Piney Run Park in Sykesville needed a log mover, able to relocate a 19-foot-long, 3,000-pound, felled white pine to its nature center.
The solution came from an Internet query posted by a park naturalist. Two ox drovers answered, offering three teams of sure-footed oxen willing to travel from out of state and work on Sunday.
So the park decided to hold a Moovin' the Big Log event today and billed it as a demonstration of the power and ability of working cattle.
"We had this log, and we had carvers who could turn it into a dugout canoe for our Native American Exhibit," said Tom Harbold, the park's assistant naturalist. "But we couldn't get the log to the carvers. Then I thought of draft animals."
Ox power would certainly be in keeping with the park's mission, he said.
"Oxen are more Earth-friendly, and they operate in small areas," he said. "There is not as much exhaust activity, and what there is benefits the fertility of the earth. And they grow their own replacements."
These oxen have had no real experience in logging, but their drovers -- those who drive or lead them -- say the animals are up to the task.
Bill Speiden, drover and owner of two of the visiting teams, defines an ox as "a steer you put to work instead of in the freezer." An ox is typically a 4-year-old castrated bull that can be nearly any breed of cattle and "will never be endangered, because there is no such species," he said.
Nip and Tuck
He promised to show park visitors how well his Holstein Brown Swiss Cross, dubbed Nip and Tuck, and his pair of Dutch belteds, named Pole and Cat for their striking black and white coloring, work together, respond to commands and entertain.
"My message at these events is always that oxen played a tremendous role in our history, and there are still uses for them," said Speiden, a retired dairy farmer from southern Virginia. "They are very intelligent and easily trained. They are more even-tempered, more adaptable to rough conditions and less flighty than a horse. Their cloven hoofs also get better traction."
Nip and Tuck, who each weigh about 3,000 pounds, can shake hands, lie down and stand on a pedestal, he said. They can lug the cumbersome log in no time and have energy left to perform stunts, cart children and pose for cameras.
"They have enough of a brain that they get bored when they are not working," Speiden said. "They like to get out and do things. Hauling a log will be a challenge because they haven't been training this winter, but they are up to it."
His teams will work with Paul and Silas, a pair of Dexters from Ohio, owned by Vicki Solomon, president of the Mid West Ox Drovers Association.
"It surprises people how smart oxen are," Solomon said. "There is a relationship of trust and respect between animal and driver. They willingly follow directions, and they are observant, watching you more than listening to you."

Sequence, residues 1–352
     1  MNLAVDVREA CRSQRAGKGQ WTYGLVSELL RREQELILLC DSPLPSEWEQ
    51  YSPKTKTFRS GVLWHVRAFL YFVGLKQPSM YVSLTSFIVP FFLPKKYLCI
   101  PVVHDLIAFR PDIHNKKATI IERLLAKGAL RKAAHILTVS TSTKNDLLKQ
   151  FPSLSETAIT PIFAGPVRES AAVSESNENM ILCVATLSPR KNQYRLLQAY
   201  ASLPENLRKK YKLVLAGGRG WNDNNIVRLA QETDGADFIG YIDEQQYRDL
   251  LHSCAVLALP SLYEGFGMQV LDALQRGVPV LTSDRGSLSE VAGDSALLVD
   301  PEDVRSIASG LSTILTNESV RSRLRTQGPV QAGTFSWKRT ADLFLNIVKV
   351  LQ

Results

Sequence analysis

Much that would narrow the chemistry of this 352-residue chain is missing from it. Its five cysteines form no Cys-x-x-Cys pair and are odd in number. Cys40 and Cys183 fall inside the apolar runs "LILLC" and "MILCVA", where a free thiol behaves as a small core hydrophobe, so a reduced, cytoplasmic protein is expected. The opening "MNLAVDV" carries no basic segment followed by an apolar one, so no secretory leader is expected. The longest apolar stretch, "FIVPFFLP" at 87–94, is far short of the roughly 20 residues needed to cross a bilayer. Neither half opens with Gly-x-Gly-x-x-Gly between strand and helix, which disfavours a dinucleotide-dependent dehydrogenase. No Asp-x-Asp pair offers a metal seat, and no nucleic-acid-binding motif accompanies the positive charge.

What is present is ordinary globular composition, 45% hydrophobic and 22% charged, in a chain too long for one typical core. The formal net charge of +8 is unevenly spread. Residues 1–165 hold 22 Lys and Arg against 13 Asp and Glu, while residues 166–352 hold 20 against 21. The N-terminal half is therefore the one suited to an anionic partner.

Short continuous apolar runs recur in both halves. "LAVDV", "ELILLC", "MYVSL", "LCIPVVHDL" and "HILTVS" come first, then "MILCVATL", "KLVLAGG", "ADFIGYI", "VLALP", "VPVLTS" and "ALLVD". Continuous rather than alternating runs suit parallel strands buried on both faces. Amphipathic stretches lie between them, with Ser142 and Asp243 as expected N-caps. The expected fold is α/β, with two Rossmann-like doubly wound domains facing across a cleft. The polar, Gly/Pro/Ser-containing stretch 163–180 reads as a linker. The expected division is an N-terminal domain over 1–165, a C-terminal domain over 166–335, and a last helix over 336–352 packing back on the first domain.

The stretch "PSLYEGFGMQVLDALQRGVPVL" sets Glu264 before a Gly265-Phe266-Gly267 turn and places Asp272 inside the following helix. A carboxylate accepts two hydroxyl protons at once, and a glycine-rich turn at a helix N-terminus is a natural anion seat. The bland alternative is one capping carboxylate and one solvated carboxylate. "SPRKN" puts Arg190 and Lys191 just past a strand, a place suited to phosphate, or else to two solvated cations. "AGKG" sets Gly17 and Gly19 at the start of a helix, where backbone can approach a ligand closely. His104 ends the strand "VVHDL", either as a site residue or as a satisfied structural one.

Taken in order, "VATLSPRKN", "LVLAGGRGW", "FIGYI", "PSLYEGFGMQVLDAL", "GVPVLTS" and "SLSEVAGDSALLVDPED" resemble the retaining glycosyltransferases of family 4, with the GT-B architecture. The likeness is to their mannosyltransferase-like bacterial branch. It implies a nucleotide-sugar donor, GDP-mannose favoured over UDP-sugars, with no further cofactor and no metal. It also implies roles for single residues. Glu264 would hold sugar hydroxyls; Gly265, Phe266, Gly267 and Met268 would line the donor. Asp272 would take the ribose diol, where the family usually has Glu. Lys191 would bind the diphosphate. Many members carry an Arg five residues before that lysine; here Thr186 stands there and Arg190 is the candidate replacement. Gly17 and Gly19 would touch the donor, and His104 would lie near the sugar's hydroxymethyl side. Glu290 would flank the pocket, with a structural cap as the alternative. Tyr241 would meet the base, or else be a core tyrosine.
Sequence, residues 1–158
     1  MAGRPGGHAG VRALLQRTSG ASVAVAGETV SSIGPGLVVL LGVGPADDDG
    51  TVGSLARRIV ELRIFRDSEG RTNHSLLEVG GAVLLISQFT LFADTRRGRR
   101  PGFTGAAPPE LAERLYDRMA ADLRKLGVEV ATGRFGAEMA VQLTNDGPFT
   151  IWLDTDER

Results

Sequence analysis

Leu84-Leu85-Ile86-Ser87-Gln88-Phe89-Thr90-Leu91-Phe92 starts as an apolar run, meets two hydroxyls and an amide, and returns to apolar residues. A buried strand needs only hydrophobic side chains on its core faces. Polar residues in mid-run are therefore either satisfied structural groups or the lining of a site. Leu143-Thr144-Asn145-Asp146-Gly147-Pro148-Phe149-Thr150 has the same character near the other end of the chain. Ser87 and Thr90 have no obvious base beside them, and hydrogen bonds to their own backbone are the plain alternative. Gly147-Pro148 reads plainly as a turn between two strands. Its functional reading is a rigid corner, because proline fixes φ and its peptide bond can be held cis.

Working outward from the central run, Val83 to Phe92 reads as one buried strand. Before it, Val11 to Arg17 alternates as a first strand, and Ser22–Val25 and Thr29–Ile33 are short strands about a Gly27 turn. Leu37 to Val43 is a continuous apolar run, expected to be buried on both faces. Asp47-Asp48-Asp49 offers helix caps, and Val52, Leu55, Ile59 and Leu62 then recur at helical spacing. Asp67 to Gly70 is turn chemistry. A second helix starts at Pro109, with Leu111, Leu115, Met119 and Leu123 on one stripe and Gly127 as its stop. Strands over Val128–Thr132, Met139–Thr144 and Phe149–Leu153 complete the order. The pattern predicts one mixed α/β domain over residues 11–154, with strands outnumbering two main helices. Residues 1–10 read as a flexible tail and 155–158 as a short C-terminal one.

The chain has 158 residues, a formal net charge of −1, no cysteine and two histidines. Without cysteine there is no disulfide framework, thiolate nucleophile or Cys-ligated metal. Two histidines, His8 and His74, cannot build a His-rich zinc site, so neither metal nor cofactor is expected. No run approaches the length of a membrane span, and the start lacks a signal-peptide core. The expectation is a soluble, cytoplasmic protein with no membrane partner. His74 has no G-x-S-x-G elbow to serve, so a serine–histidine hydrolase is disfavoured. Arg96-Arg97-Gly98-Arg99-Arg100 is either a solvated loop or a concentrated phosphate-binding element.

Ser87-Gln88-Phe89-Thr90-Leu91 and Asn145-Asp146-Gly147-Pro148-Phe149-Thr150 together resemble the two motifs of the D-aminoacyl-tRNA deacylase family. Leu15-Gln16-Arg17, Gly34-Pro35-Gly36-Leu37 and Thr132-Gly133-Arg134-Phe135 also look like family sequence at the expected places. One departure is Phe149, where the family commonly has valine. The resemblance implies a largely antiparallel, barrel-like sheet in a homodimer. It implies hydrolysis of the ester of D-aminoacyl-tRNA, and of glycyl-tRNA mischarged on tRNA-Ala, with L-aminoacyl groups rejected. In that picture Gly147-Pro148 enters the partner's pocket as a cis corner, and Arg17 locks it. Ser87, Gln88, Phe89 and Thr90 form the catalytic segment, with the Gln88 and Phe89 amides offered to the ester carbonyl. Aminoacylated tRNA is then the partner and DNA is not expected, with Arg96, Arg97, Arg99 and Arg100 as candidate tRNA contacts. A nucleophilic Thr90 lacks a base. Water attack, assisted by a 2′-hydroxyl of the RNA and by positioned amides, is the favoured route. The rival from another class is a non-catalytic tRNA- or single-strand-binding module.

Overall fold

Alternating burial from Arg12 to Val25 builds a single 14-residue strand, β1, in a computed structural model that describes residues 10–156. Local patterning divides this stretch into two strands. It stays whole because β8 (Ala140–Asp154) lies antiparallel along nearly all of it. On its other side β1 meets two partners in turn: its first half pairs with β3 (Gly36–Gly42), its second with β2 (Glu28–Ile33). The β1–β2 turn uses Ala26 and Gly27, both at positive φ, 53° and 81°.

She said that oxen can solve problems and that they have a tremendous memory. Paul and Silas remember the exact spot on the farm where they stepped into a hornets' nest three summers ago and won't go near it, she said.
The 4-year-olds she has raised since they were calves will be the smallest team at about 950 pounds each. They still have their winter fat, but are also ready to get to work, Solomon said.
"We will hitch all three to the log and give it a real go," Solomon said. "Bill has the big, experienced teams that will provide the most muscle. Mine are not so athletic, and they have had no real experience with logging, but they are ready for the challenge."
Solomon also is bringing a fourth team, 8-week-old Boone and Crockett. Too young to drive, they came along for the ride and to learn from their elders, she said.
Speiden has worked with cattle most of his life. Solomon and her husband, Mark, are relative newcomers to the farm, having moved to one from Cleveland about six years ago "and gone totally hayseed," she said. They are all solid fans of the ox, an animal they say is intrinsic to North American tradition.
On the trails
For centuries, drovers trained oxen to help with farming and logging. More than 30,000 oxen a year pulled wagons on the Santa Fe and Oregon trails.
"Your chances of getting there were a whole lot better with oxen than with horses or mules," Speiden said.
In the United States, tractors long ago replaced oxen on the farm, but worldwide more than 400 million animals work on farms, and about two-thirds of those are oxen, according to United Nations statistics.
The ride to Maryland won't faze Speiden's teams. Nip and Tuck have been to Wyoming twice for trail re-enacting, and both teams will be working at a museum in Idaho this summer.
"These animals travel really well, and they do well in public," Solomon said. "They are just user-friendly."
Moovin' the Big Log runs from 11 a.m. to 4 p.m. today at Piney Run Park, 30 Martz Road, Sykesville. There is no charge for the event, but the park will charge the regular admission of $4 a car for county residents and $5 for others. Information: 410-795- 6043.